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You'll just have to decide which method works for you but I can tell you from a lifetime of wearing boots, from custom Vogels to Olathes, the "bath method" works in one day without hurting your feet and does not ruin your boots. If walking across a field with dew on it harms your boots then you really need to condition them.

Here is an excerpt from a Marine who had to break in his hiking boots:

Doc_Jude said... I fully endorse the water method. My last pair of G.I. full leathers I filled with very hot water, let the leather get thoroughly soaked, dumped them out, got the residual water out with paper towels, and then put them on very tight & wore them all day until they were dry. Afterward, rubbed them well with saddlesoap.
Three weeks later I wore them on a 14-mile forced march with Spenco insoles. Not even a hint of a blister, let alone a hot spot.
I always follow the two-sock method when I'm in the field, dress socks inside of boot socks. It's never failed me. Boot socks & dress socks with quality (somewhere around $10) are a essential combination. & I've dealt with my share of bad feet as a Navy Corpsman with 1stMarDiv. The guys with foot problems simply didn't follow my advice.

BTW, the folds will take care of themselves. They will naturally find the best place to be as you wear them.

I'm not arguing with you, I'm just explaining why I'm right.

Nothing sucks more than that moment during an argument when you realize you're wrong.

It's not always what you say but what they hear.

Last edited by iridehorses; 01-19-2009 at 06:45 AM.
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post #7 of 11 Old 01-19-2009, 10:06 AM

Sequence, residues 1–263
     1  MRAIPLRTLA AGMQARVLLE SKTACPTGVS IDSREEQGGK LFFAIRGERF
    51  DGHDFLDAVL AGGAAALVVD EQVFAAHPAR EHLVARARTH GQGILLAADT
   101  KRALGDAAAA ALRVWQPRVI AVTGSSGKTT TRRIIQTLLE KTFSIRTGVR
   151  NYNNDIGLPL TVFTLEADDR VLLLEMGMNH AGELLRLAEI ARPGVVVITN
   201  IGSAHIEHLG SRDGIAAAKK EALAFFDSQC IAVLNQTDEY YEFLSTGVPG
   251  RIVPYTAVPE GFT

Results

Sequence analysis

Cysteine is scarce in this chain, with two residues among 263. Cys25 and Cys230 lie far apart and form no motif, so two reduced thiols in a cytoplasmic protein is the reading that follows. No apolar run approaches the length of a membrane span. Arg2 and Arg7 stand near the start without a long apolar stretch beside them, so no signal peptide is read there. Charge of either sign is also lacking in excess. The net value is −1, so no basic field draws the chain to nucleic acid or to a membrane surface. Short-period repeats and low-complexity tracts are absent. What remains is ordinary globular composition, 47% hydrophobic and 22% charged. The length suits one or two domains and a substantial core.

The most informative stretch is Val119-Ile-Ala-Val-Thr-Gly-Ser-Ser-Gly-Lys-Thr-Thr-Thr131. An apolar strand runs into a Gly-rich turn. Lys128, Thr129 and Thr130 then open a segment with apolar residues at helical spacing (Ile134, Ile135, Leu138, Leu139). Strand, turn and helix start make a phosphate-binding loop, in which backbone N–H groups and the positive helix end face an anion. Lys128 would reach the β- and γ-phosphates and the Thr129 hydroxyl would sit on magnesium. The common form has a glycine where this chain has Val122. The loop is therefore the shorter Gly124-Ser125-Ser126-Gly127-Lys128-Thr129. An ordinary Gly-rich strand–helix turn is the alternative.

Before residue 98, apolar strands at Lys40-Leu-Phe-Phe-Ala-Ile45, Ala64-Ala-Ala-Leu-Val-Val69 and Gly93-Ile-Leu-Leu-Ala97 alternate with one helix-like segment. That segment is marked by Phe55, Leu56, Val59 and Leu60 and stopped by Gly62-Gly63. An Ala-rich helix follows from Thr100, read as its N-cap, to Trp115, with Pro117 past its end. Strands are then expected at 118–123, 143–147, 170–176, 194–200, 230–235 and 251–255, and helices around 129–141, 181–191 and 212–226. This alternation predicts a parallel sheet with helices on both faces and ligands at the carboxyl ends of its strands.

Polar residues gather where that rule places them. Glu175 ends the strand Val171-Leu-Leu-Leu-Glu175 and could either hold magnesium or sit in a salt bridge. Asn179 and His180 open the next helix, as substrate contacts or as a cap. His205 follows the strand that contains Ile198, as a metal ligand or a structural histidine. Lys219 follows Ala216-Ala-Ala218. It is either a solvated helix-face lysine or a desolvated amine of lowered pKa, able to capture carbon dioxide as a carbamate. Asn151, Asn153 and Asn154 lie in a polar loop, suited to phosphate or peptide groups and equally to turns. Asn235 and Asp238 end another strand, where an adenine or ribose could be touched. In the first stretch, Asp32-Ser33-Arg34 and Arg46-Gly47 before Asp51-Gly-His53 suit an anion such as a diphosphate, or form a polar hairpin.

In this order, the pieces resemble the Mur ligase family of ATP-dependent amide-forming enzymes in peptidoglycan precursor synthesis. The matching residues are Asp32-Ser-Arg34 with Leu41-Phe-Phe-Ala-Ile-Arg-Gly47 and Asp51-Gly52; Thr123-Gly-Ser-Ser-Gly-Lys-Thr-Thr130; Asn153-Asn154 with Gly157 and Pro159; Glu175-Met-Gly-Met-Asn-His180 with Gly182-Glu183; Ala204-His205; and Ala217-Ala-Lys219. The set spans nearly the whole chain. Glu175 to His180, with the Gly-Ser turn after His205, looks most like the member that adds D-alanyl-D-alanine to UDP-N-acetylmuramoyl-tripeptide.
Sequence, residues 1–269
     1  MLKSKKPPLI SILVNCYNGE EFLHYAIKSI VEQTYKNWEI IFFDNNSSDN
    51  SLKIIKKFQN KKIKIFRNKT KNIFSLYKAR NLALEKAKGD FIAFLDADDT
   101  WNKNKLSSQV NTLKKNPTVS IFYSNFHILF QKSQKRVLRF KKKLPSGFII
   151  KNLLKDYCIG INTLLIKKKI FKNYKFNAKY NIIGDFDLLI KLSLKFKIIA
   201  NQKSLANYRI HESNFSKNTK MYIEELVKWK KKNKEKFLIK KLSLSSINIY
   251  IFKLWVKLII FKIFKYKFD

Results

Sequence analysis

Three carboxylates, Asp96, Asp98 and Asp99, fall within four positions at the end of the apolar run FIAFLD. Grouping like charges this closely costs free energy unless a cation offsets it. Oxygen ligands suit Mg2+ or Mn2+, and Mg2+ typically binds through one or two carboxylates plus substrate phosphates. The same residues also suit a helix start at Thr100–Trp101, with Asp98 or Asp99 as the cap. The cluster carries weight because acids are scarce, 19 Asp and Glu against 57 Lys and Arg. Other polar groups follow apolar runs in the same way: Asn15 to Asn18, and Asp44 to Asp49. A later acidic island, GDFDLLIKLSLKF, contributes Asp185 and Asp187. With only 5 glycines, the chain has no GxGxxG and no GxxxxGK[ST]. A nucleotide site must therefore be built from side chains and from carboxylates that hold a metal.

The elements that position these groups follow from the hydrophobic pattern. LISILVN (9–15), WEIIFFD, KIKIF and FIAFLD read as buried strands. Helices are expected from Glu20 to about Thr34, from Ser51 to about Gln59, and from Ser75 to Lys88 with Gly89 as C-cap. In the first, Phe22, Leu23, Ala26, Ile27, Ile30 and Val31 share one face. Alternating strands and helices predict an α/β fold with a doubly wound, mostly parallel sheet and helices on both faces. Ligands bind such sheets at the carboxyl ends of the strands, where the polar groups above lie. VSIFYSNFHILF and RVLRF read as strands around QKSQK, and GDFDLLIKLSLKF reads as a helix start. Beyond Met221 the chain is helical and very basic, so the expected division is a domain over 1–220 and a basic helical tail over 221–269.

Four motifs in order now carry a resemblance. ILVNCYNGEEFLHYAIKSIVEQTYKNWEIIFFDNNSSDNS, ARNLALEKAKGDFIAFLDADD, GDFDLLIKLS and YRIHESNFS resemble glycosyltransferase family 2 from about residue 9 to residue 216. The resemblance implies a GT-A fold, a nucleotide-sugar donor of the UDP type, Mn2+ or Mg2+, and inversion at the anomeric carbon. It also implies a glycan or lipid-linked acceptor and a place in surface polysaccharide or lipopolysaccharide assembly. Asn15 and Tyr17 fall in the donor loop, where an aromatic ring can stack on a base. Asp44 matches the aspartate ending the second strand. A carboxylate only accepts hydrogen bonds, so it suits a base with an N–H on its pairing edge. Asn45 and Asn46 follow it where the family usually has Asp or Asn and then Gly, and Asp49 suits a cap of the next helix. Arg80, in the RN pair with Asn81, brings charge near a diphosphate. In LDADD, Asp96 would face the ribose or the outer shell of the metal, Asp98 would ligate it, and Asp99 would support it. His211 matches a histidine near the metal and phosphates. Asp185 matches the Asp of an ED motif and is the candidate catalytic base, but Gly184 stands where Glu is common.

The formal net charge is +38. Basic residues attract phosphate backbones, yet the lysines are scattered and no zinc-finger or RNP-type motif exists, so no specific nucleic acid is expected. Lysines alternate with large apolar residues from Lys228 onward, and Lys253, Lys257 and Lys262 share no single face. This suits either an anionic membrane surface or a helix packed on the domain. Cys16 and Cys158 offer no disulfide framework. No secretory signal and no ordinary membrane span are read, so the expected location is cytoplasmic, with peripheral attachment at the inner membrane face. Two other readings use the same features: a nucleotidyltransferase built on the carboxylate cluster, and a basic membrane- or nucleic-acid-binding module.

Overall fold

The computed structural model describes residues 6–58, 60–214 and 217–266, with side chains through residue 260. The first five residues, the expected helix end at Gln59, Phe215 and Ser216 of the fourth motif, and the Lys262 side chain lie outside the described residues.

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What really helped mine was to stand with my foot on a ledge as high as I could get it up and put my heel down, like when you are mounting up without a block! i did that a couple of times and then rode in them once with my dressage saddle(my knees didn't need to bend as much) and then jumped with them. (that was extremly painful, but they didn't hurt a bit after!) Just wear them wear them wear them!

Jumping a horse = Getting wings!
Why live on the edge when you can jump off?- Greenwood Horse Trials Tee-Shirt
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post #8 of 11 Old 01-19-2009, 04:23 PM
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I just wear them no pain no game . wear wear wear i would never soak my boots and wear them around wet ew !!!
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post #9 of 11 Old 01-19-2009, 06:01 PM
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Everything I have heard you are not supposed to put the water in the boots. This might differ between Western and English but everyone I have spoken to that does the water method, fills up a tub full of warm water and stands in the boots in the water for about 15 minutes. Then they ride or walk around in them until they are completely dry. Like you, I can't bring myself to do it. My luck it would ruin the leather and that would be money down the drain. I have Ariat Challenge Field boots and they have been breaking in nicely. I just wear them when I hack around and hang out at the barn. I haven't been wearing them for lessons yet.
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post #10 of 11 Old 01-19-2009, 06:08 PM
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I always break in new boots by wearing them and just walking around with them. =D

I've never tried the hot water method, but I'm always afraid of getting my boots wet. XD

No hour of life is wasted that is spent in the saddle. ~Winston Churchill